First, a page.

Most probably, no. This opinion is based on two considerations.
1)Being unable to join the academic stream means that other work decisions have been taken. Inevitably this leads to inability to focus 16/24 on a physics problem ( I put some time in for sleep). People who have left their mark in the history of physics were very focused on it, and focusing I would consider a prime prerequisite.
My no is not a complete one because in this day and age we have the internet. If the reason one is unable to join academia is something like Hawking would have suffered if his disease caught up early with him, or if one is taking care of a very sick loved one, there is still the internet to learn the latest and discuss the most important, currently. As long as time is not a problme . Which brings me to the second consideration:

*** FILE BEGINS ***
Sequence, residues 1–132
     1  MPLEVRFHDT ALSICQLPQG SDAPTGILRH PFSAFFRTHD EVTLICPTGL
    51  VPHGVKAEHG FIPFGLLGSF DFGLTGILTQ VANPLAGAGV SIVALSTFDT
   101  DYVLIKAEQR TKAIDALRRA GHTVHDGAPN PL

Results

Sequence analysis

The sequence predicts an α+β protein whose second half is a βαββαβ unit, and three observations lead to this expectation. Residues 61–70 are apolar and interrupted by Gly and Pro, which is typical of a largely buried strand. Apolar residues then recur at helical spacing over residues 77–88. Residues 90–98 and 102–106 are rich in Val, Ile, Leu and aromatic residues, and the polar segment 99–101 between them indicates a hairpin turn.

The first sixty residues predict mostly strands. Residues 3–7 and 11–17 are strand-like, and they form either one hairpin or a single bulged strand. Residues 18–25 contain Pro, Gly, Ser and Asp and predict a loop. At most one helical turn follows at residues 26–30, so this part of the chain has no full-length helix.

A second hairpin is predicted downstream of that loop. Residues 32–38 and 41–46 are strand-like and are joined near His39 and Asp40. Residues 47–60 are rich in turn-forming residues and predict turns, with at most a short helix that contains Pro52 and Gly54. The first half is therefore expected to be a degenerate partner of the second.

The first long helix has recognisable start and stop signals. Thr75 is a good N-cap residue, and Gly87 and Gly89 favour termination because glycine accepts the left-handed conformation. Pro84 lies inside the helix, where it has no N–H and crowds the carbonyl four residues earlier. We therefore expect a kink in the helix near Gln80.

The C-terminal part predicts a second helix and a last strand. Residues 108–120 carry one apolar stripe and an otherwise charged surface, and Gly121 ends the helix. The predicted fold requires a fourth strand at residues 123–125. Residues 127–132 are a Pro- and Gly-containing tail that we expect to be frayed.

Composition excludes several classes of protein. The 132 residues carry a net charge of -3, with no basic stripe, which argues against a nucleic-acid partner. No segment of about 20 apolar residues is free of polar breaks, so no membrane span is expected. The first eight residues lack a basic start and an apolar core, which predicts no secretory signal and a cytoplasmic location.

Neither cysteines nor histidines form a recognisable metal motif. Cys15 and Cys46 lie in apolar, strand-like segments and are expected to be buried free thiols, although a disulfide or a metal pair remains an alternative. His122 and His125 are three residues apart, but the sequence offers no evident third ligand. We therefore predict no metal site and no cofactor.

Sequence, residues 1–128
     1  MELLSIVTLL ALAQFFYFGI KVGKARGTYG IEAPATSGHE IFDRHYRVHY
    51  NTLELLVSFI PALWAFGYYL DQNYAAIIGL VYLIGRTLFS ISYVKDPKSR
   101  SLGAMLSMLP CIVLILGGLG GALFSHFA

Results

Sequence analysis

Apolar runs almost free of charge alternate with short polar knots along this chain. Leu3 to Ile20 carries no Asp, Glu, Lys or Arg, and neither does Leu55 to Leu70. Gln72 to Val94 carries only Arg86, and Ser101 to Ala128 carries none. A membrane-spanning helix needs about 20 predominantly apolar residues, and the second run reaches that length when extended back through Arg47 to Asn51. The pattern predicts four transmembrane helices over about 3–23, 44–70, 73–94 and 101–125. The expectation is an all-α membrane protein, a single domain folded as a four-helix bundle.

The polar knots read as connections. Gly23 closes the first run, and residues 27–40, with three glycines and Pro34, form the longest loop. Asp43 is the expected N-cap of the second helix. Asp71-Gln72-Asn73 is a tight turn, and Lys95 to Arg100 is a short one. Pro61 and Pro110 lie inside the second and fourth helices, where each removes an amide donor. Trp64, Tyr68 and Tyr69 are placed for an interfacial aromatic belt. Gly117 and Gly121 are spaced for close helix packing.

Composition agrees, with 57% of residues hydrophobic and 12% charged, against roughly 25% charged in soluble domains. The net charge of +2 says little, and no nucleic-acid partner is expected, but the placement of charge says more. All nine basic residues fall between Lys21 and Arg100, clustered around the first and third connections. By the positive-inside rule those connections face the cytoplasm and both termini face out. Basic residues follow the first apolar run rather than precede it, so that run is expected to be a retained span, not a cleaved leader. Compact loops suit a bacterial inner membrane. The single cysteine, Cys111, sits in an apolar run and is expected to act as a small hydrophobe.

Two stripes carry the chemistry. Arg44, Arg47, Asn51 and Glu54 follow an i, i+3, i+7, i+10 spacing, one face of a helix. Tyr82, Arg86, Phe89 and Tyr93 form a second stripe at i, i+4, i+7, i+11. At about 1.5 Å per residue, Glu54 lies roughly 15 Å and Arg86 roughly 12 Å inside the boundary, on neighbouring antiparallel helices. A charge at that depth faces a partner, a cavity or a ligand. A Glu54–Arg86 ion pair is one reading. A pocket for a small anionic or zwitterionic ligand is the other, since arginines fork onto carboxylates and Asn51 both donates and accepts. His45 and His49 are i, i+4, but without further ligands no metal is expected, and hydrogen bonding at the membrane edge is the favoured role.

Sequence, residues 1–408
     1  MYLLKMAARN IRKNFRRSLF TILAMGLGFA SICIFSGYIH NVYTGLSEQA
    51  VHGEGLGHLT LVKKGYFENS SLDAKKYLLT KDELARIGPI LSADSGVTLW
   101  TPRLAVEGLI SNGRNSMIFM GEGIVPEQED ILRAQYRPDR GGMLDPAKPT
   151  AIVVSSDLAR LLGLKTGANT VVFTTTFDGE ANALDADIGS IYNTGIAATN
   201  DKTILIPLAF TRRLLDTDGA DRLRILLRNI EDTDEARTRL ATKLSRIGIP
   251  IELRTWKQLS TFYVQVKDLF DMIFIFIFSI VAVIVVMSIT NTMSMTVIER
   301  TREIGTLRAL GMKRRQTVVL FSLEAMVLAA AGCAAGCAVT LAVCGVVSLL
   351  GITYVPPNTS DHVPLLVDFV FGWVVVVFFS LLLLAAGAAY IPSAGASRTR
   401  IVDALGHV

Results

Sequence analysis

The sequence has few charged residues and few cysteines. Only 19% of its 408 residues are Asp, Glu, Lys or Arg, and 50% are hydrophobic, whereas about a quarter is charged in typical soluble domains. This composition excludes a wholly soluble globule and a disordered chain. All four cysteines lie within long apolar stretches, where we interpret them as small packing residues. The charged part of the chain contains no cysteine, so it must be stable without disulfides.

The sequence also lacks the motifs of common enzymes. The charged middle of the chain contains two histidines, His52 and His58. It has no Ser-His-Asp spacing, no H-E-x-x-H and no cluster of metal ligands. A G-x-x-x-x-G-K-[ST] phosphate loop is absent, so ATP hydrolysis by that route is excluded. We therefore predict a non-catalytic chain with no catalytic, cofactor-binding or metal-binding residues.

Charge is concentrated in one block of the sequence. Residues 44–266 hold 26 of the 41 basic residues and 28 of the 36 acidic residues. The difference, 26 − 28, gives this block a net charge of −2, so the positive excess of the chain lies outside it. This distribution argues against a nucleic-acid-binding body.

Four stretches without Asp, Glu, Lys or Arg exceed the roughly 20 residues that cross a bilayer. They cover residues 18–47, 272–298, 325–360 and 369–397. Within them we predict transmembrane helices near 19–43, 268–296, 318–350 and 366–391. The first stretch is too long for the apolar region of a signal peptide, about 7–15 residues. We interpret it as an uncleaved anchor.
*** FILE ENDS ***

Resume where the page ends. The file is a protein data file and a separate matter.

2) I had a professor in ancient greek who imparted the following wisdom: Knowledge is a circle. There is a frontier where explorations go on, but the more you know, the larger the radius, the greater the frontier. Unfortunately now there is an enormous body of knowledge continuously expanding and continuously needing new tools. Within academia a sifting takes place through discussions, coffee in the cafeteria, informal lectures, conferences, long before papers for peer review are ready. Ideas are threshed out and collaborations set up that allow for faster knowledge accumulation. Some of this may start to happen on the internet and it would need a particular type of personality to be able to survive without the face to face interactions.
Now if he/she has the focus and the time to pursue a physics problem that is not contradictory to known experimental facts and proposes new experiments ( i.e. it is falsifiable) then I wish them luck. I think the peer review process in physics is not too biased to look at a paper on its merits, but in any case there exist the archive locations where a paper can be put up on the internet and discussed on sites like this .